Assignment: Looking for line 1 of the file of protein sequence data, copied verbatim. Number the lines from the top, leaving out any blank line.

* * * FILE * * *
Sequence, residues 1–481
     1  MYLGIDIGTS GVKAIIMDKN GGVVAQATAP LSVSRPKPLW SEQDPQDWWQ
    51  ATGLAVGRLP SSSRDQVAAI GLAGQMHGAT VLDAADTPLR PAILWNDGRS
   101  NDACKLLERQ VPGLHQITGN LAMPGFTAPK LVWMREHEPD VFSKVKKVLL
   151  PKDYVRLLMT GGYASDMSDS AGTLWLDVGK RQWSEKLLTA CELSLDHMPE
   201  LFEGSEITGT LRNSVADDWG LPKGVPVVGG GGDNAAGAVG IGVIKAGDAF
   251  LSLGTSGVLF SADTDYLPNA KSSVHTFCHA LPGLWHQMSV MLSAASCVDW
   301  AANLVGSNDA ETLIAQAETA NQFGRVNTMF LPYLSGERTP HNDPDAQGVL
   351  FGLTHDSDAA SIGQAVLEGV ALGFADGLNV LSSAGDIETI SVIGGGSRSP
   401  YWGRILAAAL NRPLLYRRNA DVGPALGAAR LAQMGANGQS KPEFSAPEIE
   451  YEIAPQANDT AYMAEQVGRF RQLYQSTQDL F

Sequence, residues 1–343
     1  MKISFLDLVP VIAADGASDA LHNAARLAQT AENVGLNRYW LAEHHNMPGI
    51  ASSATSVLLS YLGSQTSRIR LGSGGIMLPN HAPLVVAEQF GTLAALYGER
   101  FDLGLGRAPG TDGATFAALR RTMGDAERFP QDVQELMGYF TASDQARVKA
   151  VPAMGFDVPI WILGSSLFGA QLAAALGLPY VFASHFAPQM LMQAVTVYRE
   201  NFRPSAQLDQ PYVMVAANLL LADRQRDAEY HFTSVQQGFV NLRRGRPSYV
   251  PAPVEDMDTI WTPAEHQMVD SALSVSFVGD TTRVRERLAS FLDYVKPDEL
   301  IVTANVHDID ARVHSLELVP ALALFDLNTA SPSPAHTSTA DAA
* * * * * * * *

Sequence, residues 1–481